Wednesday, February 17, 2010

Good Afternoon. Not Greyhound Speaking.

This is a conversation that I have every single day that I am in the office. In fact, most days I have it many times:

“Rrrrrriiiinnnnggg”

“Good Morning, Awesome Company, can I help you?”

“Yeah, what time is the bus to Cleveland?”

“I’m sorry, you must have the wrong number”

“Oh. I need the bus schedules number. Give that to me”

“I’m sorry, but I can’t help you. You have called the wrong number.”

“This isn’t Greyhound?”

“No, I’m sorry, it’s not.”

“Well, then, who is it?”

“Awesome Company.”

“Who?”

“Awesome Company”

“And you can’t tell me when to get the bus to Cleveland?”

“No, I’m sorry. We don’t have anything to do with Greyhound.”

“Well, are you involved in travel at all?”

“No.”

“Is this 1-800-XXX-XXXX?”

“No.”

“Really?”

“Yes.”

“Well, can you transfer me to the right person?”

“No. Like I said, we aren’t affiliated with Greyhound at all. You’ll have to recheck the number and try again.”

“Hmmm. . .”

“OK. Sorry I can’t help you. You have a nice day anyway.”

“So you can’t help me with the bus?”

“No.”

“Do you know who could?”

“Well, Greyhound, I assume. Which we are not. You’ll have to call the correct number for that”

“Do you have that number?”

“I’m sorry, I don’t”

“OK, then. . .bye”

“Bye”


40 seconds later. . .

“Rrrrriiiinnnggg”

“Good Morning, Awesome Company. Can I help you?”

WHO is it, now?”

“Awesome Company.”

“Huh?”

“Awesome Company.”

“You’re not Greyhound?”

“No.”

**click**

This happens approximately eleventy-seventeen times a day. Now, I don’t mind wrong numbers. It happens to the best of us. But when you call, and I say the company’s name when I answer and said name is not Greyhound? You can pretty much assume that YOU HAVE NOT REACHED GREYHOUND!!!!!!

Asking “Is this Greyhound” fifteen times will not change anything. I will be much less friendly after the first time and we will still be NOT GREYHOUND. Please try to understand this. It would mean so much to me if you would learn that unless I answer the phone with, “Good Morning. Greyhound”, that I don’t know when the bus to Cleveland leaves. And I don’t know what to do about lost luggage. And I don’t know the price of a roundtrip ticket to Detroit. And we are NOT GREYHOUND!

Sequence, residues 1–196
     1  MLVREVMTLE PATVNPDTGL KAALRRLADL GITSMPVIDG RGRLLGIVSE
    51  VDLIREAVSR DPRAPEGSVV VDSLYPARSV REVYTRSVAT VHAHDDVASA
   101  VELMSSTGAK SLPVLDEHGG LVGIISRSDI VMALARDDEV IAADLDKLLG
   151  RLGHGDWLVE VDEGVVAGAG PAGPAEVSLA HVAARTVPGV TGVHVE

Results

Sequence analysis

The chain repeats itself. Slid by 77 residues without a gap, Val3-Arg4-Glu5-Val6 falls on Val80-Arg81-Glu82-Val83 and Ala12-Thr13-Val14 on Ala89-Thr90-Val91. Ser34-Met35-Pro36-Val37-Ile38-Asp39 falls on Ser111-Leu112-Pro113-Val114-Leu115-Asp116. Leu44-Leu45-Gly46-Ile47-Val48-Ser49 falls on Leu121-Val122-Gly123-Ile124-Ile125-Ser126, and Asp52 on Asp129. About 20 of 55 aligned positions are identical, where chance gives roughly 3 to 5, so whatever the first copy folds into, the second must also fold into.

If you don’t cut it out, I’m going to have to start answering your questions, even though I don’t have a clue. I’ll give you the wrong times, the wrong prices and maybe start taking credit card numbers. Then I’ll jump on my one-way bus ride to Hell. But I’ll enjoy the ride.

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5 comments:

Logical Libby said...

I work for a television station. At least three times a day someone will call POSITIVE they saw something on our station. When we tell them it aired on another station they ask "can you transfer me to them." NOT KIDDING.

bluzdude said...

People don't really listen when they're calling on the phone. Even with answering machines. If they were listening, they would hear that they did NOT reach the house they were looking for, but they leave a message anyway.

My dad used to have a phone number that was one digit off of a movie theater number. He got so sick of the people calling, he just started giving out random showtimes.

So you do have a precedent...

Magpie said...

Once upon a time, I worked for some place that had the same seven digit phone number as a JAIL in a different area code. We got a lot of weird phone calls.

Burgh Baby said...

Growing up, our phone number was one digit off from a church. I heard waaaay more weird late-night confessions than I could have ever imagined, despite the fact that we answered the phone with, "Ourlastname Residence." Amazing.

You should answer a totally different question that what they're answering. Like, "What time is the Cleveland bus?" "I'm sorry, we don't have any cats with extra toes in stock right now."

chasingalittlelion said...

Haha! Oh my!

My cell phone number is one digit off a Chinese take-out place in State College. I get drunk undergrads calling my cell at all hours trying to get food. I used to mess with them. Now it's just old.